The European Union has called for an open and standardised approach to cloud computing techology at the opening of a new Microsoft cloud centre in Brussels.
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Speaking at yesterday's event, Neelie Kroes, EU commissioner with responsibility for the Digital Agenda, hailed the dawn of a "computing era of unprecedented flexibility and economies of scale" but warned that there was much work to be done to ensure European businesses exploit the opportunities properly.
"It is going to take partnership between industry and government, and European leadership, to ensure Europe is not merely open or friendly to cloud providers, but that there is a European effort to actively create the best environment for all parties," said Kroes.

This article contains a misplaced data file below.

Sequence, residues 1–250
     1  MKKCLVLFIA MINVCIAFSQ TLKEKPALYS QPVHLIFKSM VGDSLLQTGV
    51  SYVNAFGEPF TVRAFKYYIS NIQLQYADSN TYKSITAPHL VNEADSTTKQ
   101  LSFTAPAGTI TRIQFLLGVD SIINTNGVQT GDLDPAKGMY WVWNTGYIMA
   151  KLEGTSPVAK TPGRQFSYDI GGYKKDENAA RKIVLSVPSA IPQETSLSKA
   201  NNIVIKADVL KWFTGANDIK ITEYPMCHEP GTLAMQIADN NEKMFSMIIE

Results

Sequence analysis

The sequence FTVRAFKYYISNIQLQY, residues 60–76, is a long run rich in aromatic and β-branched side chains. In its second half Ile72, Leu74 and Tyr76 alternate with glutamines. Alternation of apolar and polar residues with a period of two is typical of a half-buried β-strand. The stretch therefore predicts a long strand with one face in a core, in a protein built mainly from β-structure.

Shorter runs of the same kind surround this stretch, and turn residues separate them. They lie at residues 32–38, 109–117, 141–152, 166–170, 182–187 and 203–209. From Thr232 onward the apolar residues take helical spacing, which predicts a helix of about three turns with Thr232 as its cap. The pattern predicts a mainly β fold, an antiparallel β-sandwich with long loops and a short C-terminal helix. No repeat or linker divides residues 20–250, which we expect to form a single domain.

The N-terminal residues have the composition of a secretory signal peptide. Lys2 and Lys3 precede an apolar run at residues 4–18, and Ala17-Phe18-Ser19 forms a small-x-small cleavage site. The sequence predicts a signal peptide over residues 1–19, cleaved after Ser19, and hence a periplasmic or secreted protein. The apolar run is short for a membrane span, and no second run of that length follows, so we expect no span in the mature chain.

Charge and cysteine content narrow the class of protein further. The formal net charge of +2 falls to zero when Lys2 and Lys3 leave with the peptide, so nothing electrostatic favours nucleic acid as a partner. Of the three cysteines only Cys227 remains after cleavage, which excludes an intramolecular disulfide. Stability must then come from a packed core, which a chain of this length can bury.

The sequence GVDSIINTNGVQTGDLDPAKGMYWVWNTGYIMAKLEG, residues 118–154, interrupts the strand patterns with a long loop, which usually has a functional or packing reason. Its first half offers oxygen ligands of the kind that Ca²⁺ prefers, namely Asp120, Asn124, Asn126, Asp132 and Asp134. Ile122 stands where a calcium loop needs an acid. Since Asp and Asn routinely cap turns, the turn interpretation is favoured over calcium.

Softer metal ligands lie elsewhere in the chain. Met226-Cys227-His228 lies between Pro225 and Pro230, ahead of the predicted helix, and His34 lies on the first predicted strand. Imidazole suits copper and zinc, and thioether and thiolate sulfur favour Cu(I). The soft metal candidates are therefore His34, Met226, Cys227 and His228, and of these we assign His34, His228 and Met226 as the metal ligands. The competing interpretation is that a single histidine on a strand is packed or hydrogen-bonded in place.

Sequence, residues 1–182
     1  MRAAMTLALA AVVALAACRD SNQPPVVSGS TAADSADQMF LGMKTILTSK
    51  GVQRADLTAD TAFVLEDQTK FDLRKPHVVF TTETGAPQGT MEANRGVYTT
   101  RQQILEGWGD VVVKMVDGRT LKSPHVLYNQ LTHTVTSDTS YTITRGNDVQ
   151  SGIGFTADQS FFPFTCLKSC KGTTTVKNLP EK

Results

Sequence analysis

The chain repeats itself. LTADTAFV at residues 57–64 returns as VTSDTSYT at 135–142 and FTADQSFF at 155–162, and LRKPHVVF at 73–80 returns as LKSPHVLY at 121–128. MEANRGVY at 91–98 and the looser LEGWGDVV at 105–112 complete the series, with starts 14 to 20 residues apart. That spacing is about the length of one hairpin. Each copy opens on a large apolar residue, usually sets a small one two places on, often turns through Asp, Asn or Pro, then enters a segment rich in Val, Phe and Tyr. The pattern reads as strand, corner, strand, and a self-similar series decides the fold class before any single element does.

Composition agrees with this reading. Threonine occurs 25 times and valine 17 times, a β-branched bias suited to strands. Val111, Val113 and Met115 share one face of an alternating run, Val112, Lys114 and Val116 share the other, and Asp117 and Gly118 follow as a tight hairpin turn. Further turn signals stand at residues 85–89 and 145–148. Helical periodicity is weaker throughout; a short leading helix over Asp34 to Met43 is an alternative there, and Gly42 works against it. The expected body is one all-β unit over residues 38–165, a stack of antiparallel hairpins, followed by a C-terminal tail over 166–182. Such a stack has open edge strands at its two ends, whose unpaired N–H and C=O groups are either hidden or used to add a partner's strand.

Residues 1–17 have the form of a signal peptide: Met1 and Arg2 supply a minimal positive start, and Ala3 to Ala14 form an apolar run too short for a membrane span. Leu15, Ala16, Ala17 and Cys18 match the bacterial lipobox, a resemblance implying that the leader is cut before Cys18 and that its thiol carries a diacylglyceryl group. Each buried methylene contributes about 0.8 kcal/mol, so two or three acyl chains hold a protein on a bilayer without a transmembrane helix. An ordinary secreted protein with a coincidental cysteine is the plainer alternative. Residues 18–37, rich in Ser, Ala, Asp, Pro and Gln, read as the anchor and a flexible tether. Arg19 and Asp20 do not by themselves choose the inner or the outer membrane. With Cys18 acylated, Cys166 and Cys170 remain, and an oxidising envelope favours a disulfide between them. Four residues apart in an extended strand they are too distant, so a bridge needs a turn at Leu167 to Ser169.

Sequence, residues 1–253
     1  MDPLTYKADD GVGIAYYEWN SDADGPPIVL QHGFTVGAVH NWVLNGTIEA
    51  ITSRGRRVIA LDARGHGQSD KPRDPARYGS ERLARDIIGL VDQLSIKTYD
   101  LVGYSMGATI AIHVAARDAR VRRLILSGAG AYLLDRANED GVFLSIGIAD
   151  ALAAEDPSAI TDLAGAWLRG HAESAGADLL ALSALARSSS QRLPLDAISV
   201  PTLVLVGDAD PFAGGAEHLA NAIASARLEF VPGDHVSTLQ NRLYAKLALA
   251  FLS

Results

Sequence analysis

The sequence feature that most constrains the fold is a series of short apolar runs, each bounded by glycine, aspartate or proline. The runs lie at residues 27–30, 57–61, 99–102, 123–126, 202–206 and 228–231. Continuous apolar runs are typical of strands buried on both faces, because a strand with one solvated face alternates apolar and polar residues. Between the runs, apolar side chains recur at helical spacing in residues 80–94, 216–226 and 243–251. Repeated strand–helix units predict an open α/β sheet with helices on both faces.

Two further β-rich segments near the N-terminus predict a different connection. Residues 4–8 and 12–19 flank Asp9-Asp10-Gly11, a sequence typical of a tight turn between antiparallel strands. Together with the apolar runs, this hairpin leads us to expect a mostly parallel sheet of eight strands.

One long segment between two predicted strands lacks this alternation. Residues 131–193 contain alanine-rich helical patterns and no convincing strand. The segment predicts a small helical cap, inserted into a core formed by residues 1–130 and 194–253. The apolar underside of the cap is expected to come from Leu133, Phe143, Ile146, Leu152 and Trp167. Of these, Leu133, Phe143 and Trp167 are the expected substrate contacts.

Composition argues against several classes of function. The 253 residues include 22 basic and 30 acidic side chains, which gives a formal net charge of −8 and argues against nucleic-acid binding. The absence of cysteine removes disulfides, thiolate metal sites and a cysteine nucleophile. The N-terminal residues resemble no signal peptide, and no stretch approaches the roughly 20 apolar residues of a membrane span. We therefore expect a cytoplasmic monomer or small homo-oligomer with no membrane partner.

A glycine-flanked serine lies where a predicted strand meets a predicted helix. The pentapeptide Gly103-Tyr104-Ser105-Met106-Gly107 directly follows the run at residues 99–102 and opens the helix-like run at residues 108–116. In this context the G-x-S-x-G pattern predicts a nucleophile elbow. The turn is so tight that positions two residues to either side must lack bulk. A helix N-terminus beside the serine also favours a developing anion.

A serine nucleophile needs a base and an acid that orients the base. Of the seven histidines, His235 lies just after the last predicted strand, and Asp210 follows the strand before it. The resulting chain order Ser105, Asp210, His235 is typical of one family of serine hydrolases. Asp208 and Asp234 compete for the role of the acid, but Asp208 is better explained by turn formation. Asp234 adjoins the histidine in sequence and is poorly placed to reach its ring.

"Interoperability is an issue I take very seriously," she said. "To offer a true utility in a truly competitive digital single market, users must be able to change their cloud provider easily.
"International standardisation efforts will also have a huge impact on cloud computing. Open specifications are a key in creating competitive and flourishing markets that deliver what customers need."
The EU is currently putting the finishing touches to a consultation process over the development of a pan-European cloud strategy, which will take place in late May.
Microsoft, meanwhile, plans to spend 90% of a multi-billion dollar R&D budget on cloud technologies and sees its new centre as an important piece in developing a cloud computing strategy for Europe as a whole.
"We are asking European governments and businesses to help drive cloud computing forward, given the clear opportunity it presents for increased efficiency, flexibility and innovation not just within individual organisations but also in creating new opportunities for the entire region," said Microsoft International president Jean-Philippe Courtois.